Lauren made these bridal shower favor “clutch” boxes out of animal cracker boxes!
List of Materials:
– animal cracker box
– 1 ply poster board/chipboard (from Michaels or Joanns)
– metal-edge ruler & x-acto knife & pencil
– tacky glue & hot glue with gun
– lace ribbon (about 12-14” per box)
– cotton fabric in your color/pattern of choice
– flower template printed out on cardstock
– spray starch
– steam iron
– scraps of contrasting fabric to use for flower backing and flower center
– candy, cookies, goodies to put inside!
Step 1. Disassemble an animal cracker box and lay flat on your 1 ply chipboard. Trace the box and then cut out with an x-acto knife. Cut the slits just like the real cracker box.
Step 2. Use a metal-edge ruler to fold the chipboard where necessary. If you would like to cover your box with patterned paper, do that now, using your box as a template and adhering with tacky glue. Then fold the box together and glue the bottom and side flaps with tacky glue.
Step 3. Using your x-acto knife, cut a ¼” slit on the small sides of the box.
Step 4. Cut about 12-14” of your lace ribbon. Insert each lace end into the slits. Use your x-acto knife to help you wedge in place, if necessary. Lace should be thick enough to stay in place without tying knots.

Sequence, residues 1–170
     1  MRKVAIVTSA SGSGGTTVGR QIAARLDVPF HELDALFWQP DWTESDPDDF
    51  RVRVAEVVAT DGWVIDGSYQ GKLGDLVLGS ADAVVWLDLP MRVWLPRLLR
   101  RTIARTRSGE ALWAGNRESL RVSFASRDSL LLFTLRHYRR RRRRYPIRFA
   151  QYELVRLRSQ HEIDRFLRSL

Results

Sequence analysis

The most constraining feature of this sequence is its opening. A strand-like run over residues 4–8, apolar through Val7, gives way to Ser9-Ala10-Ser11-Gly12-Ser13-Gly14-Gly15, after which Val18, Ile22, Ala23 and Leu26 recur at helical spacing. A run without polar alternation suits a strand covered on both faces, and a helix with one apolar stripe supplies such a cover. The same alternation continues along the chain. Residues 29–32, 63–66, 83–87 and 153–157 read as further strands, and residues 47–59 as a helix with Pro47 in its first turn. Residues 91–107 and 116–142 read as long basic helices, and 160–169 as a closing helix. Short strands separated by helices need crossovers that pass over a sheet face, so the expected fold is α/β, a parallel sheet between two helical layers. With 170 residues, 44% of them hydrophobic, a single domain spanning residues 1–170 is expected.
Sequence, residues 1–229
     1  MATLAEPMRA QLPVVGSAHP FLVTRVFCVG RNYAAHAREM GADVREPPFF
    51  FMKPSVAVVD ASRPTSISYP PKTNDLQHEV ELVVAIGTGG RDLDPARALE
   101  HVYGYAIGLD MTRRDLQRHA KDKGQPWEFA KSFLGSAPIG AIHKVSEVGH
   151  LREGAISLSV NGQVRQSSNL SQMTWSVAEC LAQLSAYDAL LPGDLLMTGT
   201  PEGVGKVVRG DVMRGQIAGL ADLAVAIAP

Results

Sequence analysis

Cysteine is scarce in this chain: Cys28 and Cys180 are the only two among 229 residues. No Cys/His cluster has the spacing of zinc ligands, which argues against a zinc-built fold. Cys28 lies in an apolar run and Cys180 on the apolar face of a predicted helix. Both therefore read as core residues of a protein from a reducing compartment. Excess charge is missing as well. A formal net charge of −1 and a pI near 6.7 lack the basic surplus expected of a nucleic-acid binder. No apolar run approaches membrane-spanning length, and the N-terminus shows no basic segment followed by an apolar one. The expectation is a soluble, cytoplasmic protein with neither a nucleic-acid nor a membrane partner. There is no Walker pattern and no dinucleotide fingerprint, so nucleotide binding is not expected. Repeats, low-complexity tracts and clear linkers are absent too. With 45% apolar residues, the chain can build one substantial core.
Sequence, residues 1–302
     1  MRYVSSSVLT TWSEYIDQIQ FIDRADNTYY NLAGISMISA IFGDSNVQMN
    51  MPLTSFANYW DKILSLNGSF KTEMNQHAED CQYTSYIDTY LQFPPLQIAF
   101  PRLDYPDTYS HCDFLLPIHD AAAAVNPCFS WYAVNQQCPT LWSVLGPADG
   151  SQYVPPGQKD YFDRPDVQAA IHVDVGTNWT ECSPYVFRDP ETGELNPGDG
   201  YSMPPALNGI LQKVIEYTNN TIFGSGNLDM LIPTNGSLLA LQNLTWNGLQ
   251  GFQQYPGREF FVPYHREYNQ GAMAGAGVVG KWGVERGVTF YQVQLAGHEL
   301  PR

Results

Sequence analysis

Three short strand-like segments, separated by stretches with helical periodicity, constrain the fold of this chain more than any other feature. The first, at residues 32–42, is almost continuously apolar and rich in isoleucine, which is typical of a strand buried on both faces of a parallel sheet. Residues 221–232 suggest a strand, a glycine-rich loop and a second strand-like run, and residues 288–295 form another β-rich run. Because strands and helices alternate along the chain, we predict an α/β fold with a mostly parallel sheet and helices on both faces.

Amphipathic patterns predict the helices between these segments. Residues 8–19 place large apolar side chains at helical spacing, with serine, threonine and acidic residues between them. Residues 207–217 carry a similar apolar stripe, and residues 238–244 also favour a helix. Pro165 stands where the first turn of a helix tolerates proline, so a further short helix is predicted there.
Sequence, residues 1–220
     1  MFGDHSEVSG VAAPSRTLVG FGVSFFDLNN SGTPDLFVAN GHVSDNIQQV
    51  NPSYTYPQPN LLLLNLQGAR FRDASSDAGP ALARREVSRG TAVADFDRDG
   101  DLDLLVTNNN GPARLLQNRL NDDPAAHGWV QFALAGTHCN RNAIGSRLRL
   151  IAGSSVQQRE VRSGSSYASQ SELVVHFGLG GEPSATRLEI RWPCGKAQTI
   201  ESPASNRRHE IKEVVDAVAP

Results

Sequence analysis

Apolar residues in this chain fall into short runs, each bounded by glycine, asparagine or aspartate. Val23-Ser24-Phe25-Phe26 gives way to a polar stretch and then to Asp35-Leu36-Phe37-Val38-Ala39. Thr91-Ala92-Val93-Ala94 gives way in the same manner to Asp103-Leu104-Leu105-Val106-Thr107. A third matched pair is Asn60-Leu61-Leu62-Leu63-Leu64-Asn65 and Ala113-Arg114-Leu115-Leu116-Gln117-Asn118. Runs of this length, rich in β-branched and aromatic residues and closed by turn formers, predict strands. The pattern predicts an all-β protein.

Step 5. Print out the flower template onto cardstock. Use an x-acto knife to cut out the templates.
Step 6. Trace two small flower templates and two large flower templates onto your fabric. Cut out the flowers with scissors.
Step 7. Place your flowers on an ironing board (or similar surface) and mist them with spray starch. After a few seconds, run an iron over the flowers a few times. The heat activates the spray and your flowers should become stiffer.
Step 8. Cut out each flower petal with scissors.
Step 9. With a small fold, pinch each petal to give it some depth. Use hot glue in the fold to maintain the shape. Repeat steps 11 and 12 with all the small and large petals.
Step 10. Glue five of the small petals back together again.